Verse 8

8. Mine acquaintance—The neighbouring nations. The psalmist is speaking from the soul of his people. The social aspect of his sufferings now appears.

An abomination unto themAbominations, the plural form, is intensivean assemblage of abominations. The hatred and loathing contempt of the neighbouring nations developed fearfully against the Hebrews at the time of their fall by the Chaldeans. See Psalms 137:7; Ezekiel 26:2; Zephaniah 2:8-9; Lamentations 3:14.

I am shut up, and I cannot come forth—An unquestionable description of prison life, fitly applying to King Jehoiachin, who passed thirty-six years of the captivity in a Babylonian prison. 2 Kings 24:12; 2 Kings 24:15; 2 Kings 25:27-30; Jeremiah 52:31-34. See Lamentations 3:6-9


Verse 9

9. Mine eye mourneth… I have called daily… I have stretched out my hands—My eye, voice, and hands give expression daily of my suffering and peril, and plead for me. Thus far the psalmist’s prayer is grounded on his miserable state, but now he introduces another argument, and pleads that God will be glorified more in his salvation than in his death.


Verse 10

10. Wilt thou show wonders to the dead—A wonder, singular, a token, a proof of saving power and favour. God’s “wonders,” for the edification of living men, are shown to the living, not to the dead. Why, then, should he be left to die?

Shall the dead arise and praise thee—The “dead,” here, does not refer to dead bodies, but to disembodied spirits, or, as the ancient idea was, the shades or manes of the dead; and the rising must not be understood of a resurrection of the body, but of the rising up, as from a recumbent posture, of the shades or spirits of the departed in their abode in sheol. רפאים, (rephaim,) here translated dead, is a different word from “dead” in the previous clause, and is the term for giants, (as Genesis 14:5; Deuteronomy 2:11; Deuteronomy 2:20,) and the climax seems to require the sense of mighty dead, or shades of the mighty, as in Isaiah 14:9 : “Sheol… raiseth for thee the mighty dead, all the great chiefs of the earth.”Lowth. These spirits were living, but had no sensible connexion with this world. The sense, therefore, is this: “Wilt thou produce a wonder to the dead? Shall the [spirits of the] mighty dead rise up [in their abode in sheol] and praise thee?” Nothing could make it more clear that the Hebrews considered living men to be debarred all direct intercommunion with the dead, so that the latter could not rise up and declare to the living what are the divine dispensations to them, and thus cause their experiences to become salutary to the living. And hence the argument all along implies, that if help were not quickly shown to the suppliant psalmist, while yet numbered with the living, the moral effect of his deliverance would be lost, and God would not be glorified by it. As to the supposed adverse bearing of this and other texts on the belief of man’s immortality, see on Psalms 115:17, and the references there made. We say with Bishop Alexander: “How could Christianity, all quivering with the hopes and fears of another life, have issued from Judaism, if Judaism had possessed nothing of the kind?”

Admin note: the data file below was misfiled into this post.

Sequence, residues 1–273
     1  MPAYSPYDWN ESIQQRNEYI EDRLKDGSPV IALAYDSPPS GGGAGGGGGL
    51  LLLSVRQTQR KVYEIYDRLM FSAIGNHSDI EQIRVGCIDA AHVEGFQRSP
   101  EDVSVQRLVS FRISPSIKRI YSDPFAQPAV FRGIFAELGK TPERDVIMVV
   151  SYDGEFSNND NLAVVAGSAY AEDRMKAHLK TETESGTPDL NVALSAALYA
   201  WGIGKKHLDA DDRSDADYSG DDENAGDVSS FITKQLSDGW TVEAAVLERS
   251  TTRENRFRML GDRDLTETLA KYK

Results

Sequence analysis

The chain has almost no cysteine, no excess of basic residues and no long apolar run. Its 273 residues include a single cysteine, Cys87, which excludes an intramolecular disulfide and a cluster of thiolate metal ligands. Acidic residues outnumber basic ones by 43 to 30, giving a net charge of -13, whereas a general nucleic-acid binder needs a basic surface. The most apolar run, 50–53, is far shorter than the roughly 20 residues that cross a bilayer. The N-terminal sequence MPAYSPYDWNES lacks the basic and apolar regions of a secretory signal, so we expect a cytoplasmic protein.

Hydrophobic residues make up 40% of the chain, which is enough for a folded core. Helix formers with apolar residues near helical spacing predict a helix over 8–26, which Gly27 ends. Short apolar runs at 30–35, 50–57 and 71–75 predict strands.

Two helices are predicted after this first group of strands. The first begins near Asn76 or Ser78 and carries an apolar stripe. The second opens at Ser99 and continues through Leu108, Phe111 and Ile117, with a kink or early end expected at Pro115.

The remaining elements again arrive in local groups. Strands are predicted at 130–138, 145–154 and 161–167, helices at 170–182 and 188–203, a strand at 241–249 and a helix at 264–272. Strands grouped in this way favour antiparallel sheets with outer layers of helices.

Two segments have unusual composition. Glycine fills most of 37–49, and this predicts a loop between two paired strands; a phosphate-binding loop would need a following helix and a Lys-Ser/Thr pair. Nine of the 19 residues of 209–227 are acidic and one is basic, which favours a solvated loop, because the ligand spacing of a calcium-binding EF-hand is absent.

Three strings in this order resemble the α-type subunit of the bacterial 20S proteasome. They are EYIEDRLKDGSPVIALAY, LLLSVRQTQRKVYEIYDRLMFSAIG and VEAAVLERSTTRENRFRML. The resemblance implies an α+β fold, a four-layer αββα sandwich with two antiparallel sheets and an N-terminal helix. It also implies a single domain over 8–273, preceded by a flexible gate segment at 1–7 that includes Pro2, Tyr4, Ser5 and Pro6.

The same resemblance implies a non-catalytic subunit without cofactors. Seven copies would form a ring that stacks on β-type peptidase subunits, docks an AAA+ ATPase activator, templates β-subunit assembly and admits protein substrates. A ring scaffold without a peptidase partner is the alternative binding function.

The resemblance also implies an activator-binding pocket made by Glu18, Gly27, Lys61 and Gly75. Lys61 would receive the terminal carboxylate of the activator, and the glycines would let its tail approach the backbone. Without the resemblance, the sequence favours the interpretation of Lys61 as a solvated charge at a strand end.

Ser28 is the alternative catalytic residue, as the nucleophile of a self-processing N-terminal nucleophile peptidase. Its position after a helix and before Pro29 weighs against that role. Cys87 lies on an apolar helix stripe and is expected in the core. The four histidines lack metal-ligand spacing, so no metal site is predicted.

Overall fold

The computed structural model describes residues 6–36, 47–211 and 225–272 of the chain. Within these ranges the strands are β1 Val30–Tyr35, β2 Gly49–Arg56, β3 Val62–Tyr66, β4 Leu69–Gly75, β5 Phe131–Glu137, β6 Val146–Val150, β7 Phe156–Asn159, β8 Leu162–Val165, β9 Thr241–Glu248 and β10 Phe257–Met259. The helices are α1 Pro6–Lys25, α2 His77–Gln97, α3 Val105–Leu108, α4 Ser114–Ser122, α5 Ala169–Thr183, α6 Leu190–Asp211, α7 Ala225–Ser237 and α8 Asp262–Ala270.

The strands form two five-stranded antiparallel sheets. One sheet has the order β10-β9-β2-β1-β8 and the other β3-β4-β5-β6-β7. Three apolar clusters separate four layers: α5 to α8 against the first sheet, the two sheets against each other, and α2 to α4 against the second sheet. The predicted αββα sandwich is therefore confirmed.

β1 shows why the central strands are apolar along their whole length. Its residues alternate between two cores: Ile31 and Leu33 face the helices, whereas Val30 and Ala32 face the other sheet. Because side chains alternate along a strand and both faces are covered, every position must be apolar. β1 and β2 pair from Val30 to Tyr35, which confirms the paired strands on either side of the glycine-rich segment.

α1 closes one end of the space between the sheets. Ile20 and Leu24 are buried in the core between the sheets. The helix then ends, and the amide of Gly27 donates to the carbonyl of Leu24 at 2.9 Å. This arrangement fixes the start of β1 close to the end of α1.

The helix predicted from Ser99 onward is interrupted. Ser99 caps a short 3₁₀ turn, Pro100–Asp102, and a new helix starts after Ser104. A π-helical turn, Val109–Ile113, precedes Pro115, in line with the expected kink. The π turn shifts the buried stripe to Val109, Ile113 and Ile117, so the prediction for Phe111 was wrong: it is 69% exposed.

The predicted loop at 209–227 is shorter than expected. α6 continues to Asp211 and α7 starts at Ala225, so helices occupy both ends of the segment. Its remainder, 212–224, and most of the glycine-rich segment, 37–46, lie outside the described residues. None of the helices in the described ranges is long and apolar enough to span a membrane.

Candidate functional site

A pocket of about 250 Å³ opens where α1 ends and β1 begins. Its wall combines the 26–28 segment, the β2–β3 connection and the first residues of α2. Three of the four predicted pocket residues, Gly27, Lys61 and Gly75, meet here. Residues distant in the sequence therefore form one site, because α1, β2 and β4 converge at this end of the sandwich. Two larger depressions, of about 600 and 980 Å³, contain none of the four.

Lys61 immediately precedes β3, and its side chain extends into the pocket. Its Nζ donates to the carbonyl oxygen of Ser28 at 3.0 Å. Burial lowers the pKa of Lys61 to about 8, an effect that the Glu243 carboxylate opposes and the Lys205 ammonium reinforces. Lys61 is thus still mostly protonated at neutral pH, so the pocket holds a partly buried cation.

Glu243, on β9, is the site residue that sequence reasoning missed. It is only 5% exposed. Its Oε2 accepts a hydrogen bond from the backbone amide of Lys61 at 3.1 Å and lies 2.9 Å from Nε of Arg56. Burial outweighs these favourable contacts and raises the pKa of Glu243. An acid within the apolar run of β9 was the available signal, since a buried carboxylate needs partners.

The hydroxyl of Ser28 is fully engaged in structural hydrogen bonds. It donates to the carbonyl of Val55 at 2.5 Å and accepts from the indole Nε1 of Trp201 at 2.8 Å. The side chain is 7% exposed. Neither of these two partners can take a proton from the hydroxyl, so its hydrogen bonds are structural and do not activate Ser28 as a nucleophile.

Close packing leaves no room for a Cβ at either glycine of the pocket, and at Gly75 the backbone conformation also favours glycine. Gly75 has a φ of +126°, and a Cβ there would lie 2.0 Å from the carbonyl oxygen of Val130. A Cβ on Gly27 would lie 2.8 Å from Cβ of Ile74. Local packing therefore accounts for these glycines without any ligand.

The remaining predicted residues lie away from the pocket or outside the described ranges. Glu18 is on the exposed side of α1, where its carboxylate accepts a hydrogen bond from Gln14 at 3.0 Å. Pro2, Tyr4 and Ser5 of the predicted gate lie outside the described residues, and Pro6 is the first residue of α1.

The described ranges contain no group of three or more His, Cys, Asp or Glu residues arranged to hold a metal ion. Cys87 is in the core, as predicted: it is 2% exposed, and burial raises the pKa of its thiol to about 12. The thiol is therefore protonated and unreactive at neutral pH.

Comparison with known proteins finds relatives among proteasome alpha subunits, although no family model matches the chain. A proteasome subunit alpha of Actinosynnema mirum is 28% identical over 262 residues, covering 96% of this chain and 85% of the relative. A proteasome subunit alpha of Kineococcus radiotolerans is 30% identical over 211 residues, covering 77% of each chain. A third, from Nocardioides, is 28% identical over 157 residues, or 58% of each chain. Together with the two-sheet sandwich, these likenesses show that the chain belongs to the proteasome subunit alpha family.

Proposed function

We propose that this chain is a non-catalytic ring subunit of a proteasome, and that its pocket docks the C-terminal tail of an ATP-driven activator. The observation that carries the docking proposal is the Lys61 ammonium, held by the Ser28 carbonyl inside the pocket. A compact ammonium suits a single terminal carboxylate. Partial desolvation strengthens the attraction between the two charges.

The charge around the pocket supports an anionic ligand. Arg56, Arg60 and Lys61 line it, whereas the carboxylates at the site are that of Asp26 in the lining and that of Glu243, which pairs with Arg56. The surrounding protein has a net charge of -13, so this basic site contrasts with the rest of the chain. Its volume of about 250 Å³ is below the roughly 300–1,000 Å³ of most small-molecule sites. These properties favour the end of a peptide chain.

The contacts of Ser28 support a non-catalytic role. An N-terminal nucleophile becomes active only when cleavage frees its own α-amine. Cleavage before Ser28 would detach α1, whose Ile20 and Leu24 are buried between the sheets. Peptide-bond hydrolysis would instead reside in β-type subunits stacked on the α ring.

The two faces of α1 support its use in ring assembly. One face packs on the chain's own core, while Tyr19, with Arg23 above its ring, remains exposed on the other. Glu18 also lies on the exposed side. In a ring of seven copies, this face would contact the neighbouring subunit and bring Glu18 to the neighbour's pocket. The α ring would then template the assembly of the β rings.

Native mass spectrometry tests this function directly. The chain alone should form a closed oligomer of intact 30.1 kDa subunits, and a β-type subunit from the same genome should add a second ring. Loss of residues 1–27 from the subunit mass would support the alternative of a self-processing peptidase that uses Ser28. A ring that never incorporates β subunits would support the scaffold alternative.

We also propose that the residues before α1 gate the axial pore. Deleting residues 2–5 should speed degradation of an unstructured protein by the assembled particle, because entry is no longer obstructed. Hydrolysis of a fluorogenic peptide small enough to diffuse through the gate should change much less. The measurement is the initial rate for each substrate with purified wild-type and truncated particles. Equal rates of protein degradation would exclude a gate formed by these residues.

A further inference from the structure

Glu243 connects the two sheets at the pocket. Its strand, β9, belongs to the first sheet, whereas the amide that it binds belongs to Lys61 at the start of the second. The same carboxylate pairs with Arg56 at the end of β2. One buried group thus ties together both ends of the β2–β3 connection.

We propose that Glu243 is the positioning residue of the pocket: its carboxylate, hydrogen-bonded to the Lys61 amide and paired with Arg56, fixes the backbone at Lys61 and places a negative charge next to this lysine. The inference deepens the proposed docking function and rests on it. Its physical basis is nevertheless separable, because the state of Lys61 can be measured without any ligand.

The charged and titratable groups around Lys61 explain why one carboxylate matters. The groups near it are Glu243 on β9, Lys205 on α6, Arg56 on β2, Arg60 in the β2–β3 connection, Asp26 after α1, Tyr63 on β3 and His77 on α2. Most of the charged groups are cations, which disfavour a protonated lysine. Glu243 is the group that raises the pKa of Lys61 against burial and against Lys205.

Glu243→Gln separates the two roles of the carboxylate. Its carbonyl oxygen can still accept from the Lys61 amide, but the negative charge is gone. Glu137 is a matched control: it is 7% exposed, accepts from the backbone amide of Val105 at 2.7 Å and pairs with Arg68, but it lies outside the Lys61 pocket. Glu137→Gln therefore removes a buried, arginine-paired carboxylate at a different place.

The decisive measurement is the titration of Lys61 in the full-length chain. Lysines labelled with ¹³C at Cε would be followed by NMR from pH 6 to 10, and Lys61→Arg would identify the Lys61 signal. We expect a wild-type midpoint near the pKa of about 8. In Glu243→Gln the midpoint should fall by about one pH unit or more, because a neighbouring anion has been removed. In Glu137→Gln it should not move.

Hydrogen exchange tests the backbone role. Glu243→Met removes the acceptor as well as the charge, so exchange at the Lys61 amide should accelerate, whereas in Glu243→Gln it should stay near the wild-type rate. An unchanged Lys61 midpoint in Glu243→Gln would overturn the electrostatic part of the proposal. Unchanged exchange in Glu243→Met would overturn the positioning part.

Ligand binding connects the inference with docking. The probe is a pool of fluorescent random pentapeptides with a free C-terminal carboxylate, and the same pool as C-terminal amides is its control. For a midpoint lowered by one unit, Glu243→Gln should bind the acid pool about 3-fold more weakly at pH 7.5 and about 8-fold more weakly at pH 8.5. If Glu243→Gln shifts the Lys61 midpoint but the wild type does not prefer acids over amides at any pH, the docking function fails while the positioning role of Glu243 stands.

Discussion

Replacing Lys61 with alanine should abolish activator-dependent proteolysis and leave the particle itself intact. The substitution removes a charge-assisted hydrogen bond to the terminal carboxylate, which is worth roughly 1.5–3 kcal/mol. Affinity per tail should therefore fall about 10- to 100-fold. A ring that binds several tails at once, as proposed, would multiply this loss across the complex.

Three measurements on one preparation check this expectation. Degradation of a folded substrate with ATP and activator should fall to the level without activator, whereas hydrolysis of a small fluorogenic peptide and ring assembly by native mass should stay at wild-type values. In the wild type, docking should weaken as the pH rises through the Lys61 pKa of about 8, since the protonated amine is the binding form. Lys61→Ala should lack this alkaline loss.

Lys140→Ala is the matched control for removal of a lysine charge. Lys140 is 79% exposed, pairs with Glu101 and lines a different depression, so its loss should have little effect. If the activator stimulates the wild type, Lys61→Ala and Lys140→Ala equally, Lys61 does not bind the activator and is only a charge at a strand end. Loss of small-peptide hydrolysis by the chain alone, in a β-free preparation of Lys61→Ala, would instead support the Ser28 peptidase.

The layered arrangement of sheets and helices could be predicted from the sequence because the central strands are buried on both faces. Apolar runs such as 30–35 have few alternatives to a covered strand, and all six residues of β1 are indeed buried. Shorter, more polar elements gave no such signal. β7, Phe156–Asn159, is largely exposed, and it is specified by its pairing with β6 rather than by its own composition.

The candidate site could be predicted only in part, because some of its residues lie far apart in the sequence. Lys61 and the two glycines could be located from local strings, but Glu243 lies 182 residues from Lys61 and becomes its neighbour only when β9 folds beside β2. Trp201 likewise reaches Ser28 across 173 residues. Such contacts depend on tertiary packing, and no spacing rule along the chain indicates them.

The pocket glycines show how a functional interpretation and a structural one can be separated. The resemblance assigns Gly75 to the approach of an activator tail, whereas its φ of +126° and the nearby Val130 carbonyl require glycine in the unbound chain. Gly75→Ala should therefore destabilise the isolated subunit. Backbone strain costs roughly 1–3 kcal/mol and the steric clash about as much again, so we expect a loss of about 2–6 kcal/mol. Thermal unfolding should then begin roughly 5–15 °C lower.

Verse 11